Google Adwords ads. What is allowed & what is not?

Saturday, February 1, 2014

WEEK 2: Testing for success

This week through the reading for Chatham University's Graduate class, Global Marketing, I was most impressed with the myriad of ways that user experience may be tested and tracked. Four methods were discussed in Stokes chapter 15.4:
  • A/B split testing: a business may test one variable at a time to gauge success and traffic is randomly routed to one page or another-will it affect the ultimate conversion rate if I move the “Donate Now!” button from center to the right hand side? It is interesting to imagine the small changes that you might encounter when visiting a site from different IP addresses or browsers.
  • Multivariate testing: Lots of changes may be tested at the same time. Tracking for significance of these alterations may necessitate the assistance of an outside vendor.
  • Listening Labs: Watch, listen & learn how users interact with your site. It may not be the experience you envision it to be…
  • Single page heat maps: This fascinating tool allows a business to have a true mapping of a consumer’s journey through their web site, page by page. Each touch is mapped. 

The two most fascinating to me are the Listening Labs and the Heat Maps. My initial thought regarding an in house listening lab is that the experience may not yield real world results. Will consumers or employees act as they would in their own homes? Are the results unbiased? In his book, “Don’t Make Me Think” Steve Krug (Steve Krug, New Riders, 2014) reveals that we (users) do not act logically, we scan, we do not make the best (logical) choices and we do not always work to figure out how things work. Krug’s observations have revealed lessons to be incorporated into success for site design. Heat Maps are visual, this has great appeal to those of us who’s eyes glaze over when there is a bit too much technical talk floating around….This would be a great tool for those who have GOMC clients who’s web site home pages are one long scrolling page. Where do visitors stop scrolling?  

Most helpful this session was the Google videos (202:Tools to Build Ads and Advanced Ad types) that focused on troubleshooting- what if I cannot see my ad? What if it isn’t running-why is that happening? As I have not begun to actually play with Google Adwords, it seems incredibly complicated to the uninitiated. Having this tool to attempt diagnosis is helpful as are the tools referenced in 302: Bidding Tools and Adwords Campaign Experiments. This section gives some great tips for those times when you are simply overwhelmed with the possibilities of optimization. Google provides suggestions related to topics such as keywords, budget, and competition comparison.

My goals from the last writing focused on client goals. The expert presentation that began the week, Sara Peduzzi from Lunametrics, had some targeted questions to keep this in the forefront as I go forward. What are the client’s goals? This would determine what would define a conversion. Who are their customers? What patterns of behavior do their customers exhibit? This will determine the ad’s optimal time of day in running and geo-location targeting. My additional goal is to play with AdWords until it no longer scares me!

Web Sources:
Stokes, R and the Minds of Quirk, EMarketing: The essential Guide to Online Marketing, v 1.0 
Web site, Advanced Common Sense, Don't Make Me Think, Krug, S, Chapter 2  
UX Booth by Redd Horrocks, 10 Usability Lessons from Steve Krug's Don't Make Me Think, 
UTube video, Crazy Egg Explainer video,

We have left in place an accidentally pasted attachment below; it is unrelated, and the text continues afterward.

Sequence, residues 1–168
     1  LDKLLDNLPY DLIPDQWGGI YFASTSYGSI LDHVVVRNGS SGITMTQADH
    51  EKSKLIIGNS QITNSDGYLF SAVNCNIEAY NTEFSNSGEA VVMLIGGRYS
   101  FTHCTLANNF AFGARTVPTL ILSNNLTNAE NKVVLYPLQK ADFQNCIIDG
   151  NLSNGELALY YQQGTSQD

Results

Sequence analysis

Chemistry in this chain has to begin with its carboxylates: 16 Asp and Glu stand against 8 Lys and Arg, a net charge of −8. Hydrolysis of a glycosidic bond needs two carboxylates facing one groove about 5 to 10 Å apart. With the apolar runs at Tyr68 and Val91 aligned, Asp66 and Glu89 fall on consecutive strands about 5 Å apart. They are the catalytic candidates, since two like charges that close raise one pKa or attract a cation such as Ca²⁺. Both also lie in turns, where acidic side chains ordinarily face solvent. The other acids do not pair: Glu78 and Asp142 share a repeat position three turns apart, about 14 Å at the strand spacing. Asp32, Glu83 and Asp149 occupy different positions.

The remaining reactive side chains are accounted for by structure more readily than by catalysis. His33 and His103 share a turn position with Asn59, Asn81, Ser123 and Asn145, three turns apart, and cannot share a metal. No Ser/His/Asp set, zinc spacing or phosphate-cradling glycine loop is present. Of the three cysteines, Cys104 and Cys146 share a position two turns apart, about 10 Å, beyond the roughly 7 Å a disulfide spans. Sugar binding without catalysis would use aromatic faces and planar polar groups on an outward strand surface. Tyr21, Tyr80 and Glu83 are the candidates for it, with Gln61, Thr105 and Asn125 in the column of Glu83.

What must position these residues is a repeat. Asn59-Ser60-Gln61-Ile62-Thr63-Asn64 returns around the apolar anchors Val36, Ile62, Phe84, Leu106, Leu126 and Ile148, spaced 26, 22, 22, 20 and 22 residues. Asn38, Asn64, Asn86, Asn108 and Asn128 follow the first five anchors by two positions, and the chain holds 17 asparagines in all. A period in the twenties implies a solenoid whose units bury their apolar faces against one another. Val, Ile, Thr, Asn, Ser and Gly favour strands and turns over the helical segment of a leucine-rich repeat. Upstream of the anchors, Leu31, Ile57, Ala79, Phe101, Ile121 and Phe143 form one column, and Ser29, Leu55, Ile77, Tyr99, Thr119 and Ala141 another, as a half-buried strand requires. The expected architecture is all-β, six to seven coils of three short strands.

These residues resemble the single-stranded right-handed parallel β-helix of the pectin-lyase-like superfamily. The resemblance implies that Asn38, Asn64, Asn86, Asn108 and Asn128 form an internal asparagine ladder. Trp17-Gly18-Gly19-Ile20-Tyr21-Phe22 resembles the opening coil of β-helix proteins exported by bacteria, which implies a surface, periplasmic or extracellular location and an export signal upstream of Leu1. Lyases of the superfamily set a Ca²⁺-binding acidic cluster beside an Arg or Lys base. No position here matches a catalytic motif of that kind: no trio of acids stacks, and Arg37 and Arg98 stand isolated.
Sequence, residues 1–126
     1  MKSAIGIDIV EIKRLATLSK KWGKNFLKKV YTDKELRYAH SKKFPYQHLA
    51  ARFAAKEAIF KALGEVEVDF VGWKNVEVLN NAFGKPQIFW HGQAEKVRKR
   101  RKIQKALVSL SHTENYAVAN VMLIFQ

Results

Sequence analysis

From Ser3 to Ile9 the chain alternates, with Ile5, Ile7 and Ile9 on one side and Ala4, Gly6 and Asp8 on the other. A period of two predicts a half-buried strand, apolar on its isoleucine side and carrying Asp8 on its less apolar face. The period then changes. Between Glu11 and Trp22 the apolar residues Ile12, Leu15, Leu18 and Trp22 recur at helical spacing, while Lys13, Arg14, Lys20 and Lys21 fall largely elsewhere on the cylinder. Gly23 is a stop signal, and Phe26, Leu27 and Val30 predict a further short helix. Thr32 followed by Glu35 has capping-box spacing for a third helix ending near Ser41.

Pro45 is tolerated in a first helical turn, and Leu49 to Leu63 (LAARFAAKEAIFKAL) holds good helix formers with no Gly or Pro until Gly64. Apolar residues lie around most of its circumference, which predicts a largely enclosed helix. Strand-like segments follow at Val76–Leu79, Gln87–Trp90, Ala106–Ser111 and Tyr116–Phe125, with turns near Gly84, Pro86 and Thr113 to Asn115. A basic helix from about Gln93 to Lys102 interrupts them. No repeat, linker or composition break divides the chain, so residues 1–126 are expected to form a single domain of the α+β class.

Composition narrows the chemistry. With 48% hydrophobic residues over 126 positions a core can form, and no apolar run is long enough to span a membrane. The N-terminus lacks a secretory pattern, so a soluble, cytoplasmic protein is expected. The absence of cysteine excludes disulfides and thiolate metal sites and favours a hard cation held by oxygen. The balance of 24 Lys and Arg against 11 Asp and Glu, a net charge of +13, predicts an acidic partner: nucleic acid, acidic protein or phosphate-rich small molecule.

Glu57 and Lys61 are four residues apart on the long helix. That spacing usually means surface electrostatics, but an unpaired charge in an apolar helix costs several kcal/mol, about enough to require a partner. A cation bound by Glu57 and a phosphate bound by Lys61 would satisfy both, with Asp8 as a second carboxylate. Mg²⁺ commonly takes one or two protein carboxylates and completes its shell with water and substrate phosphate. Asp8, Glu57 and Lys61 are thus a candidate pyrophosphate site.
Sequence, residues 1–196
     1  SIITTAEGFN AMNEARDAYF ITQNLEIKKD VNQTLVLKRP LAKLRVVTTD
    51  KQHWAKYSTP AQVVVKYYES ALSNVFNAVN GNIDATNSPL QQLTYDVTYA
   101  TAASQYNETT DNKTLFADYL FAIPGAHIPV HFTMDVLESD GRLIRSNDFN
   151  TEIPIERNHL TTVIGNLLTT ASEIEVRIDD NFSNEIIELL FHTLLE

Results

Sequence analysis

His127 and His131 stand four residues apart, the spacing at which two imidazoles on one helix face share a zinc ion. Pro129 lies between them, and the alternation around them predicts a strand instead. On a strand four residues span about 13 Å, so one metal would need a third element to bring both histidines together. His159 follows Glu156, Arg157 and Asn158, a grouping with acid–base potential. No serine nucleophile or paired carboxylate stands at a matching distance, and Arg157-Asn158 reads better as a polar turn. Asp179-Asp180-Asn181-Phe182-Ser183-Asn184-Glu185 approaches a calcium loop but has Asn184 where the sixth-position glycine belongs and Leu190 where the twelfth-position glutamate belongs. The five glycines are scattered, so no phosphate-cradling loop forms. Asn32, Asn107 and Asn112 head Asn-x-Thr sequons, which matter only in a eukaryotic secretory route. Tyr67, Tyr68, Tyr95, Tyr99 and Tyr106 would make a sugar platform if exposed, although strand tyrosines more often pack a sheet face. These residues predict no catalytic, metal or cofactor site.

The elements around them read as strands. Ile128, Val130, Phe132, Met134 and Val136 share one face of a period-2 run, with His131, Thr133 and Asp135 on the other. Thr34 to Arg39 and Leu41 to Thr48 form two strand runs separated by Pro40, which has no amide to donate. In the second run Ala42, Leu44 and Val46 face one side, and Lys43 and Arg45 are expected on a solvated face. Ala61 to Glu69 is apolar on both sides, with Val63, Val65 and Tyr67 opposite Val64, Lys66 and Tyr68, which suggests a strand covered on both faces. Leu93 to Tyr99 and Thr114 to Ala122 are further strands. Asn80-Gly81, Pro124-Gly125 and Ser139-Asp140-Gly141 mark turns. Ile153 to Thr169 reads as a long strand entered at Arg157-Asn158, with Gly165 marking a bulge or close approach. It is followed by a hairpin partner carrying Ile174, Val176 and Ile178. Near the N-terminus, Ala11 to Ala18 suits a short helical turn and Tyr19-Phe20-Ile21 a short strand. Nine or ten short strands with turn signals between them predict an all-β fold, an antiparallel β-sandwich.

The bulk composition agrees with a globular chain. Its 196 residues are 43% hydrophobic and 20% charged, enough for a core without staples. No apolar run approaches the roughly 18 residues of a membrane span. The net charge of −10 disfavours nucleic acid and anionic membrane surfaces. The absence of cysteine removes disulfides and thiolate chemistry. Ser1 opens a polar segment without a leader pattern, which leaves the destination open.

Wednesday, January 22, 2014

Week one in Global Marketing: BUS572-1 

The concepts gleaned from this week’s reading of Stokes focus first on Chapter 19.2 with a refreshing re-vamp of marketing concepts in today’s techno-savvy society. The dusty concepts of Product, Price, Placement and Promotion are replaced by Godin’s elements of data, stories, products, interactions and connection. How we as consumers connect with our products, as business owners invested in the information (data) that can be observed, analyzed and then re-defined, as a community sharing our experiences (stories) about the items (products) we use, embrace or reject via reviews, endorsements, articles and sharing (interaction). Very little is truly private; an endorsement on Facebook or a blog comment will be contributions to that products demise or success. The last element, connection is actually the summation of experience, if successful. Godin traces the path a successful business must engage in: For the GOMC, the client’s story must be understood for my contribution to be successful.

I found the concept (gestalt) of the Cluetrain Manifesto to be both beautiful in its simplicity and a summation of both Godin and Mootee’s theories: Markets are conversations. Simple: evocative of lively banter, between individuals, groups, business partners, reviewers, social medial posts… confiding a love for a newly discovered author, chocolate, recipe, restaurant, contractor or conversely, a discovery of fraud and deceit. There are no secrets when people share, and the internet is all about sharing.  Conversations lead to discovery, credibility and resources. Conversations are where we delve into the realities behind a clean veneer. What is my client’s conversation? Can I follow it through the public’s eye and interpretation? Is it perceived as real, honest, and tangible? Is there trust? What is the real dirt?

AdWords is the most important skillset which I gained (a small bit of) insight into this week.  The concept itself is fascinating & the implications include a skill to be tested both personally within this ongoing blog and for client based projects. Testing Google analytics will be interesting in tracking trends and results- what keywords are most successful?

I must confess to a Google bias. I resent using other search engines when “necessary”. Delving into additional Google tools/apps & learning to blog is fun. The challenge is keeping tasks in so many varied spots together! Yikes! The real world application of team based work for a client who truly needs the exposure is refreshing. My goal is to make sure I am keeping in line with their goals for this project, step by step.